Friday, March 10, 2017

You're Cordially Invited....to be Part of a Study on Early Care Experiences

Research is a Good Thing

Many parents and teachers of young children suspect visual processing issues, auditory processing problems, and sensory disorders early on, but are told that the child is too young to be tested.  It can be frustrating to be told, for instance, that a struggling reader in Kindergarten is too young to be screened for dyslexia.  Now, new research, described here,  suggests that testing can be done much earlier than previously thought.  This is great news, perhaps helping parents avoid the "wait-and-fail" approach that describes the long slog that can sometimes be the road to diagnosis.

Take a survey (link below) to participate in a study about how early care experiences may affect adult health.
Hurray for research!  If you could contribute to what we know about education and human development, would you?  Growing up in a university town, I have been a research subject for at least a few studies, ranging from one on the visual tracking of toddlers to the changing body mass index of girls before menarche.  Even my own children have participated as "guinea pigs" in studies at our local university.  How else can scientists help re-form our understanding of learning disorders, parenting styles and outcomes, and the importance of early childhood experiences?

If you would like to be part of research on the impact of early care experiences on health later in life, please take a short survey, "Adult Health and Childhood Experiences," part of the research of my friend at the Peabody College at Vanderbilt University.

click here:  Survey

Researchers are looking at how early care experiences (like whether you were breastfed or bottle fed or whether you slept near your parents) may influence your physical, emotional and mental health as an adult.  Your responses are anonymous,  and your input will be included as part of an international group of respondents.  The survey has been translated into French, Dutch, Arabic and Japanese.


The survey is fairly quick and painless--much easier than, say, having electrodes attached to your scalp or being poked and prodded :)  Future generations thank you!


Thursday, November 17, 2016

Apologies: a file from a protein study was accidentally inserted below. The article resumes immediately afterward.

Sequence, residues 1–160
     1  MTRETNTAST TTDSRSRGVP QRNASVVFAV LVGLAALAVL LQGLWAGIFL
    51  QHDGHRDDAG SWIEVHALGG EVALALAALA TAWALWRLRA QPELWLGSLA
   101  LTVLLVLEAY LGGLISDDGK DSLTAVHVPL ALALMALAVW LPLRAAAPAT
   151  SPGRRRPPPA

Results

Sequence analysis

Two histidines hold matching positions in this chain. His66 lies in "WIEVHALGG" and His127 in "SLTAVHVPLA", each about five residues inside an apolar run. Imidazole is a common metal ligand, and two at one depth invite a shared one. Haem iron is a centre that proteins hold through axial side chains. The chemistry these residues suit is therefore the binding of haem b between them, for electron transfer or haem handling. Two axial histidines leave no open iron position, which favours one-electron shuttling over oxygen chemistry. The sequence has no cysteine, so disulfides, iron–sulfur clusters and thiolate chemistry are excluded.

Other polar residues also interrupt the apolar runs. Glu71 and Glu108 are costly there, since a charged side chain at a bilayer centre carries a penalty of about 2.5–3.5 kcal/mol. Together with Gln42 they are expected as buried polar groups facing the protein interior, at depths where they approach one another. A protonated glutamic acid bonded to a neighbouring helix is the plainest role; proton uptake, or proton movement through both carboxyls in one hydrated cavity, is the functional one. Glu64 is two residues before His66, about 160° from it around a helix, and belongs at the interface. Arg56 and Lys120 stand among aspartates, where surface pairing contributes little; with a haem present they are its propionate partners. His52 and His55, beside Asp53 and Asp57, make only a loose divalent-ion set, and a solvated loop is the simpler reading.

"No" is Not a Four-Letter Word

A recent video by author and family psychologist John Rosemond has an eye-catching title:  "Is Your Child Getting Enough Vitamin N?"  In it, he talks about how indulging our children has become a norm, and many children today don't hear the word "no" enough.  Instead of focusing on the basics of what our children need--protection,  affection, and direction--we give in too often to their whims, demands, and wants.

John Rosemond's video on Vitamin N

Another author who writes about parenting, James Stenson, has included this in his list on raising children:  "Realize that 'no' is also a loving word, and your children must hear it from time to time in order to acquire self-control. Children who never experience loving parental denial cannot form the concept of self-denial--and this can later lead to disaster."  His entire list of things parents can do to help build character can be seen here.  

Wednesday, August 31, 2016

Someone to Look Up To: Mother Teresa

Heroes

Our young people need heroes +  Mother Teresa's canonization is coming up = This inexpensive download would be great for your grandkids!

Friday, June 10, 2016

Grandparents' Corner

WELCOME GRANDPARENTS!

We don't have to tell you what a ginormous influence you have over the life of your grandchildren.  Whether you are:
  • raising them yourself or parents are in the picture
  • live in the same town or a world away
  • watch them on a regular basis or just get to Skype on major holidays
…….. you know that your words and example have a strong influence!